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Una Mullally: Cologne assaults a mass act of misogyny

We are all shamed when one of our own does something terrible in another country

Protesters gather in front of Cologne Cathedral on January 9th to protest against the New Year’s Eve sex attacks in Cologne, Germany. Photograph: Sascha Schuermann/Getty Images

The details of what happened in Cologne on New Year’s Eve, where hundreds of men mostly from immigrant backgrounds were involved in assaulting women, are still emerging. The apparent co-ordination of group sexual assaults and muggings is bizarre and terrifying. It is a mass act of misogyny.

I can’t imagine how frustrated and ashamed fellow asylum seekers, illegal immigrants and immigrants in general in Germany must feel about this behaviour. We all hold collective shame when one of our own does something terrible in another country. It doesn’t take much to trigger racism and anti-immigrant sentiment in Europe today but, wow, talk about giving a bunch of people a bad name. With right-wing voices now suddenly interested in violence against women, perhaps we can utilise this moment to address the broader issue.

Perpetrators of sexual assault against women do have one thing in common, and it’s not religion or ethnicity, it’s gender. “It’d be great if we could take rape, sexual assault and structural misogyny as seriously every day as we do when migrants and Muslims are involved as perpetrators,” Laurie Penny wrote in the New Statesman.

Collective and individual assaults

Are there cultural differences that colour both good behaviour and bad behaviour? Yes, of course. But it’s not necessarily a case of “some do that and others do this”. It’s more: many do the same thing, but do it differently. Street harassments and assaults happen everywhere. How they unfold can have local quirks, but the upshot is the same.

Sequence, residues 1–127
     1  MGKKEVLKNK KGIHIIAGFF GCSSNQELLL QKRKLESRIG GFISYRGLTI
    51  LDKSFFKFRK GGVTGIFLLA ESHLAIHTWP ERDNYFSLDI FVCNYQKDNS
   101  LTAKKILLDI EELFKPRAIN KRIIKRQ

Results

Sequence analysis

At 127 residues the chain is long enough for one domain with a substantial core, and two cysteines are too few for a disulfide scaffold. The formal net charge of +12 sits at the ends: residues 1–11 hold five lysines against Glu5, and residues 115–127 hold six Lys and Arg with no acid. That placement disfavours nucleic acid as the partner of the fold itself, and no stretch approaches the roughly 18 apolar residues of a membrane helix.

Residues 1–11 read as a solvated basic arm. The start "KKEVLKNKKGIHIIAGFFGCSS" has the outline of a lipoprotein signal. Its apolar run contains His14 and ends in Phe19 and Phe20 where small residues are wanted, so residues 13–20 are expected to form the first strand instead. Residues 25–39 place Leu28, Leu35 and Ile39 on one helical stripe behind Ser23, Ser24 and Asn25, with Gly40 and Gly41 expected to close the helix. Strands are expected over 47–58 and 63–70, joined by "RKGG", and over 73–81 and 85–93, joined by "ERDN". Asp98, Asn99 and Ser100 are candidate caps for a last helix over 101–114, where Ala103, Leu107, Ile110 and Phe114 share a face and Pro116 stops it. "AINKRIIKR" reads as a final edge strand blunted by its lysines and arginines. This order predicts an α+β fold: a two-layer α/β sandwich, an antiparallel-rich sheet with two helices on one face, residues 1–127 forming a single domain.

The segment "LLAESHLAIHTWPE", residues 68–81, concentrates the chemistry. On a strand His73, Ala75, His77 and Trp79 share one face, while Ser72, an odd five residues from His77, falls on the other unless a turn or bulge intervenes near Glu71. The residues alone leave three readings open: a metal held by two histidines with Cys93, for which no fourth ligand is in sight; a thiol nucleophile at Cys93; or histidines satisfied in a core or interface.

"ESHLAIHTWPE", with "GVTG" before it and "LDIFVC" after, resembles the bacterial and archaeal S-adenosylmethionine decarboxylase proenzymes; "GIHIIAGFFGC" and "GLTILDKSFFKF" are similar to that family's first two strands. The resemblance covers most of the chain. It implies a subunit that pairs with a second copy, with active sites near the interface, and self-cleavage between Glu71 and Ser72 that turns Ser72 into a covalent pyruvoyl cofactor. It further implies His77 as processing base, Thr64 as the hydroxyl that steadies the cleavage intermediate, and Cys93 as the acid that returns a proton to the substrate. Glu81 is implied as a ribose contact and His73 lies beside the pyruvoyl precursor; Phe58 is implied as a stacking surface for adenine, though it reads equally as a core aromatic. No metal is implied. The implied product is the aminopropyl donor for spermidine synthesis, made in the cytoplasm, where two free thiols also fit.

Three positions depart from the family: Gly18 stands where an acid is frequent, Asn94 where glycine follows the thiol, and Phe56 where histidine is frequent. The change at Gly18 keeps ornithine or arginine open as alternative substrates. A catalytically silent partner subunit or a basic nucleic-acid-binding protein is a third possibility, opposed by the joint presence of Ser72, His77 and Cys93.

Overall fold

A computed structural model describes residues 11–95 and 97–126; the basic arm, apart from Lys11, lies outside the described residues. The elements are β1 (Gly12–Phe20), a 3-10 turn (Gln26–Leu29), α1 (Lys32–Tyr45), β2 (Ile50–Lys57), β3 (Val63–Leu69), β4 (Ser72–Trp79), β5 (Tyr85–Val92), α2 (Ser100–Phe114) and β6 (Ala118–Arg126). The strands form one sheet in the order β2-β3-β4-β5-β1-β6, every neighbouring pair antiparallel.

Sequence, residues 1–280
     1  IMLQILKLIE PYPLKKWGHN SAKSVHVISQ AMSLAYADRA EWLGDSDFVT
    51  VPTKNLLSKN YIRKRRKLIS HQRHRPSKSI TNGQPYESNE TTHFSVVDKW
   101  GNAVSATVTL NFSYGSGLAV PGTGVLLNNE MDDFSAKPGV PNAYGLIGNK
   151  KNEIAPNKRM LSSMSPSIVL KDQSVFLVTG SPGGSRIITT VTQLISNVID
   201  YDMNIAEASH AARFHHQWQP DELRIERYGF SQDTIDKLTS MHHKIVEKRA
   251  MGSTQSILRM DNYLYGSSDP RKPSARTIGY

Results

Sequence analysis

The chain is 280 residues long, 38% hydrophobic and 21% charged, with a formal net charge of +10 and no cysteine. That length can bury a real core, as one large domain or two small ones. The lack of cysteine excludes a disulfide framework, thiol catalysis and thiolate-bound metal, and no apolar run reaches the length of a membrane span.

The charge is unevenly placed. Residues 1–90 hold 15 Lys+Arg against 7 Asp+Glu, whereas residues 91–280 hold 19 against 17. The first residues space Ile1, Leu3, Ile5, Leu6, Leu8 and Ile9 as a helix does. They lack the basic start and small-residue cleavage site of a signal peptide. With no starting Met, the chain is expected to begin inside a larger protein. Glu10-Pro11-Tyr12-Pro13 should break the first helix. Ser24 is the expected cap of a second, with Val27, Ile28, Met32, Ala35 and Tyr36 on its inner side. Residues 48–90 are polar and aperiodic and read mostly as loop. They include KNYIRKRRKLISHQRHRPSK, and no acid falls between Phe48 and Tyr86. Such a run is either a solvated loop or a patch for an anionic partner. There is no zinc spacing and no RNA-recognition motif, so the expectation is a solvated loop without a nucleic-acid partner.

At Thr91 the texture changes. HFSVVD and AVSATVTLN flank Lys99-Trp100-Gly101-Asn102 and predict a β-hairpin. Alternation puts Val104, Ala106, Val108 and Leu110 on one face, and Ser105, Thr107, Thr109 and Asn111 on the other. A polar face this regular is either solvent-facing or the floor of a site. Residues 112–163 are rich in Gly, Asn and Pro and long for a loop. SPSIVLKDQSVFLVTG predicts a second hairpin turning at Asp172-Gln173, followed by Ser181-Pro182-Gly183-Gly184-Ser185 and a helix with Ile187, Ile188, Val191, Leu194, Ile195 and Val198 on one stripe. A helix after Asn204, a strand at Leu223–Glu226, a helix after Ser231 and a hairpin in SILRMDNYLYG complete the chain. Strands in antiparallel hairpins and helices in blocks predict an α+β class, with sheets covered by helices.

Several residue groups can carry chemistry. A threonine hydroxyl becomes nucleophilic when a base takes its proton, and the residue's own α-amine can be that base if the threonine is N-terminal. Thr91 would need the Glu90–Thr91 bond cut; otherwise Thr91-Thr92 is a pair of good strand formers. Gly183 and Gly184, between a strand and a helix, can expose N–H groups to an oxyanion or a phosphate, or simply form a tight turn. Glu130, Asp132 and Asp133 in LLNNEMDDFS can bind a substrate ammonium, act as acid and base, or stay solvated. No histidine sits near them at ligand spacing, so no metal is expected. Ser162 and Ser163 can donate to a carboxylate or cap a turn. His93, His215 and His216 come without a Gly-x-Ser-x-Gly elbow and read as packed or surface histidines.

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By travelling, women become aware of the cultural differences in street harassment. We end up making broad generalisations about the idiosyncrasies of harassment from place to place: guys in this place are sleazier than in that place, you’ll get more hassle in that country than the other country, that city is more dangerous for women than this city. Women share experiences and anecdotes because personal safety is something at the forefront of our minds. This layer of negotiating places is often invisible to men, because potential male perpetrators act very differently when men are around.

When women talk about these experiences, they are frequently shouted down by some men who refuse to try and see the world from a woman’s perspective. “You’re blaming all men!” some say, as a way of shutting down the conversation. Of course women aren’t blaming all men. I am, however, blaming all men who assault women. There’s a massive difference.

When I was out for a jog the other week down Dublin’s Grand Canal at 5pm, a bunch of young lads whizzed past me on bikes. One smacked me hard on the ass. Did he do that because he grew up in Ireland? No. Did he do that because of what religion he was? No. He did it because among some men – especially in a group dynamic of their peers during those volatile teenage years – there is a profound sense of entitlement and desire to assert power over women, a subconscious need to intimidate, and a misplaced sense that subjecting women to assault is point-scoring among pals. It is about dominance. It is about reminding us that we are in danger. It makes women fear some men. There is a warped sense of a game about the whole thing, but that game is one of hunting.

If I had been jogging with a male friend, would I have been assaulted? I doubt it. If a man had been jogging alone would he have been assaulted in the same way?

Almost certainly not. Men are often victims of unprovoked violence (mostly by other men), but it is rarer for that violence to be sexual. By taking an uppity stance that assaulting women is something “the other” does, we are ignoring both a global and local experience.

Scale of misogyny

We disown violence against women as something “the other” does at our peril.